Today marks the 54th anniversary of the world’s first major nuclear disaster—the Kyshtym Disaster. The incident was due to failing to keep nuclear waste cool, resulting in it overheating and causing a chemical explosion equivalent to 70 or more tons of TNT. Only 1986’s Chernobyl reactor explosions and this year’s Fukishima meltdowns are considered worse catastrophes.
Mayak, then called Chelyabinsk-40 after the region’s largest city and Mayak’s postal code, spewed Strontium-90 and Cesium-137 into the atmosphere, contaminating an area of about 800 km2 (309 sq. mi.) and killing at least 200. The affected area was marked off and called the Taganai Nature Preserve. The accident was kept secret until the fall of the Soviet Union. Today, we know the contaminated area as the East Ural Radioactive Trace (UART) and we classify Kyshtym as a level 6 event on the 0-7 international event scale.
In fact, the Mayak complex was an on-going disaster from it’s first days. From its start-up in 1948, the plant, which produced weapons-grade plutonium from uranium, dumped the nuclear waste directly into the Techa River. In 1951, Soviet officials surveyed the river, finding extremely high radiation levels within 4 miles of the plant, affecting 28,000 people. They relocated about 7,500 villagers and fenced off the river. Doctors regularly checked sick residents but told them it was the flu, poor lifestyles, or even made-up maladies while the Soviets gathered data on health effects of radiation and long-term exposures. The people figured it out after Chernobyl, but the Russian Federation still has not relocated them and continues to collect data. Some are bribed to stay in the area with so-called “polluted zone” stipends.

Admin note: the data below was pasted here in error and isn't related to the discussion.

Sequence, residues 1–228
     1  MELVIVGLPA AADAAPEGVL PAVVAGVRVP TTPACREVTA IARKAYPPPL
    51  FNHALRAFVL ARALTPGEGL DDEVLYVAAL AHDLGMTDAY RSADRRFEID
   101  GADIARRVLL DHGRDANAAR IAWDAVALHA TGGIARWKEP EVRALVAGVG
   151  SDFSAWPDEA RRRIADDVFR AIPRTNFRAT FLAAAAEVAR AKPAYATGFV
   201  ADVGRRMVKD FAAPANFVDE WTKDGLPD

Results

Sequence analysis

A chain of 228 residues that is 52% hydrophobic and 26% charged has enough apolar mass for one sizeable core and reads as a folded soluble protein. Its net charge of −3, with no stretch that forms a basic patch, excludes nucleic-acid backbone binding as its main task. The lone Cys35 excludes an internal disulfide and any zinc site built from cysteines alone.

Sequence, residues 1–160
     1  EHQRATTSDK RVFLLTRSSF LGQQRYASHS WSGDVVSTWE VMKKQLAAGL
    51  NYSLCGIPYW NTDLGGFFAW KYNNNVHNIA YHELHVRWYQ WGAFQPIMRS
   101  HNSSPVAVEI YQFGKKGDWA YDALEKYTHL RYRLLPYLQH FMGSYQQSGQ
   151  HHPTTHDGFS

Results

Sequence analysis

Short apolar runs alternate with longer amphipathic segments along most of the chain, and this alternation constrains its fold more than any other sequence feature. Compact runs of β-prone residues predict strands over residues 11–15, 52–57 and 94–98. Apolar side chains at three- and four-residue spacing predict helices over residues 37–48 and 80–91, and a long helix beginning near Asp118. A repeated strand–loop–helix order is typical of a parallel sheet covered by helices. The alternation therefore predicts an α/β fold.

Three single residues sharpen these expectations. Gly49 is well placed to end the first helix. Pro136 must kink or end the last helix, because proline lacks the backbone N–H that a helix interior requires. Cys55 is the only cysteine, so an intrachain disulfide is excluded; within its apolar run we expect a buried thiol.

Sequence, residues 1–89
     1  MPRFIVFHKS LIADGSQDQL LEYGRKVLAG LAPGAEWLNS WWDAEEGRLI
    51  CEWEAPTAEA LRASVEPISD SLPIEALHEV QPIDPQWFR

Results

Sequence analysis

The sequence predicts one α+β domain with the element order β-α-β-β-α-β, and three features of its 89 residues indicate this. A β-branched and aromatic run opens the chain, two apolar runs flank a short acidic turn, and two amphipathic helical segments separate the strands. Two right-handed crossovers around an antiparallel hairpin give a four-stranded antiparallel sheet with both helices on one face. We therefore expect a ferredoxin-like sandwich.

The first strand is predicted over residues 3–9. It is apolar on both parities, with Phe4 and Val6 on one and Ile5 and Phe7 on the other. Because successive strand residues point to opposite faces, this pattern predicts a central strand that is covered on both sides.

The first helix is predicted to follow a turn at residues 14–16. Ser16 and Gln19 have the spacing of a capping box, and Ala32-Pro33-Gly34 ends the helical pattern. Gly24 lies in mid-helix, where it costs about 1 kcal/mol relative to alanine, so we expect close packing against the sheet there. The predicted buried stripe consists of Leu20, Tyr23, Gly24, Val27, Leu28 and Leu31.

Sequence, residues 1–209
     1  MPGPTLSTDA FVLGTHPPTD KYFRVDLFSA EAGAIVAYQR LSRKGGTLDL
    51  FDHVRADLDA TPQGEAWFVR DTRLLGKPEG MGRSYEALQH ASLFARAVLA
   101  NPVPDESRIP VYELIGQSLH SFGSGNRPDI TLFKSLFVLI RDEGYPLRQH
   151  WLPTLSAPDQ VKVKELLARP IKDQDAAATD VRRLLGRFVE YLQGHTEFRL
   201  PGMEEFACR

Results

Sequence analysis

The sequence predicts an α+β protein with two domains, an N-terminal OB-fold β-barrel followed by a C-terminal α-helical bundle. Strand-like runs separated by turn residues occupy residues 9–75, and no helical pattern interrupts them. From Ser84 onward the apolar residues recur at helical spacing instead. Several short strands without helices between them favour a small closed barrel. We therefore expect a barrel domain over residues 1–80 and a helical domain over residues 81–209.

After they stopped dumping into the river, Mayak engineers stored the nuclear waste in tanks of water for initial cooling. A faulty design led to some tanks not being cooled enough, which led to the 1957 accident. After cooling, the radioactive slurry was deposited in a retention pond called Lake Karachary. A drought in 1967 resulted in half the lake drying up. As a result, the exposed radioactive sediment was spread by the winds across the region, adding to the fallout from 10 years earlier.
Ozyorsk (alternatively Oszersk) remains a closed city and Mayak site is still operating. Mayak’s primary activity is reprocessing spent nuclear fuel from power plants. The facility also demilitarizes atomic weapons and has extensive research activities. Dubbed “Russia’s ticking time-bomb”, Mayak continues to experience routine radioactive contamination.
Radioactive contamination has made its way down the Techa and Ob Rivers to the Arctic Ocean. Mayak remains a festering, open wound that continues to maim, malform, and sentence to death thousands from its far-reaching, long-standing, and growing radioactive morass.